Amy Farber, New York Fed Research Library
In October 1974, with consumer inflation running at more than 10 percent annually, President Gerald Ford gave a now famous speech (watch video or read text) in which he proclaimed: “There is only one point on which all advisers have agreed: We must whip inflation right now.”
“Whip Inflation Now” was not just a speech—it was a public relations campaign to enlist American citizens to hold back the increases in wages and prices of the 1970s, supposedly by increasing personal savings and taming spending habits. The symbol of the campaign was the large round red button with bold, white uppercase letters: W I N.
According to the American Presidents blog, “The campaign did not work as President Ford had hoped. Inflation remained a threat to the economy well into the Reagan presidency … the pins were widely mocked and it gave Ford’s opponents an easy target for criticism.” In fact, by the late 1970s inflation got a lot worse, as the “Inflation” section of PBS’s “The First Measured Century” explains.
Macroblog has posted a discussion about WIN in Was WIN a Loser? in which Dave Altig debates whether the campaign really was a failure. Part one of the blog post points to the need, when discussing WIN, to distinguish between inflation and increases in the relative cost of living. Part two is a partial defense of Ford and his then-Chairman of the Federal Reserve, Arthur Burns, who were at the time challenged by “trying to learn how to conduct monetary policy in the aftermath of the collapse of the Bretton Woods global monetary system.”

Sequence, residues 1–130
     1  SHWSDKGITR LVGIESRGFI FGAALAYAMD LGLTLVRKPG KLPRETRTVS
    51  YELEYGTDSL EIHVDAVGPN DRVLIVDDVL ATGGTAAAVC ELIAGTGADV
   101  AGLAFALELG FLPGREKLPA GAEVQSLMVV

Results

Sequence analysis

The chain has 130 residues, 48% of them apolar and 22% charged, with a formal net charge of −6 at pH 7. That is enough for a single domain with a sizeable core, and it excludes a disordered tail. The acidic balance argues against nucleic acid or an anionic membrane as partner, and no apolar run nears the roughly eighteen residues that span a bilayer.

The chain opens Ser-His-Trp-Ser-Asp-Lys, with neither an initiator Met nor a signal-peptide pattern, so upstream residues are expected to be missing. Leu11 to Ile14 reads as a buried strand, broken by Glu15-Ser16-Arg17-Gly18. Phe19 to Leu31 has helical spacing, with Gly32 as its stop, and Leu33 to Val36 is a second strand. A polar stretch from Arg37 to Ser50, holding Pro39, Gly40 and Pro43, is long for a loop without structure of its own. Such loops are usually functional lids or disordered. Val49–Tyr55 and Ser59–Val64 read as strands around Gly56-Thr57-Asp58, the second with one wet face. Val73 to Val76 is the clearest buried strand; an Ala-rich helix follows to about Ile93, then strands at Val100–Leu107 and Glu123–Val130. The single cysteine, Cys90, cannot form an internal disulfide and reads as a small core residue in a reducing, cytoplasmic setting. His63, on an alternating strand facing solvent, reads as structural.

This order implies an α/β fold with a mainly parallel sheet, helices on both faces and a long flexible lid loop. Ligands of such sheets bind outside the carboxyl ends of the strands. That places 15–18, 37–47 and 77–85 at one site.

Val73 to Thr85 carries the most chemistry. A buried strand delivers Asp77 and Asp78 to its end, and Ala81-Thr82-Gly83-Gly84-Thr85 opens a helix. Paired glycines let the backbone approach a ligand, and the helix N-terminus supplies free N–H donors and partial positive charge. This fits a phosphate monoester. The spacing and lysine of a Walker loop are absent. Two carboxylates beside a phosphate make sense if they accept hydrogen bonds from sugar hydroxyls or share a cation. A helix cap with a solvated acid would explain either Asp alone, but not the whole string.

Nevertheless, the WIN buttons were a big deal, and the image invaded the popular culture. According to the blogger Rick Kaempfer, in a lunch meeting between President Ford and George Harrison (the Beatle, not George L. Harrison, the former President of the New York Fed!), the President gave the Beatle a WIN button, and George Harrison gave the President an OM (Hindu mantra word expressing creation) button.
The “WIN” idea carried over to Ford’s run for President in 1975. At that time, there was a campaign button depicting the character Fonzie from “Happy Days,” with Gerald Ford’s face and wearing a “WIN” button with the slogan “Happy Days Are Here Again.”
The image of the red button with the bold letters resurfaces in more modern discussions about inflation. In May 2003, Stephen Cecchetti (former Research Director of the New York Fed) wrote: “I‘m thinking of going out and having a bunch of new red and white WIN buttons made and handing them out to the people attending next Tuesday’s FOMC meeting.” One blogger in 2005 wrote that “Stop Inflation Now” would have been a better slogan (just changing the first letter on the button).
The views expressed in this post are those of the author and do not necessarily reflect the position of the Federal Reserve Bank of New York or the Federal Reserve System. Any errors or omissions are the responsibility of the author.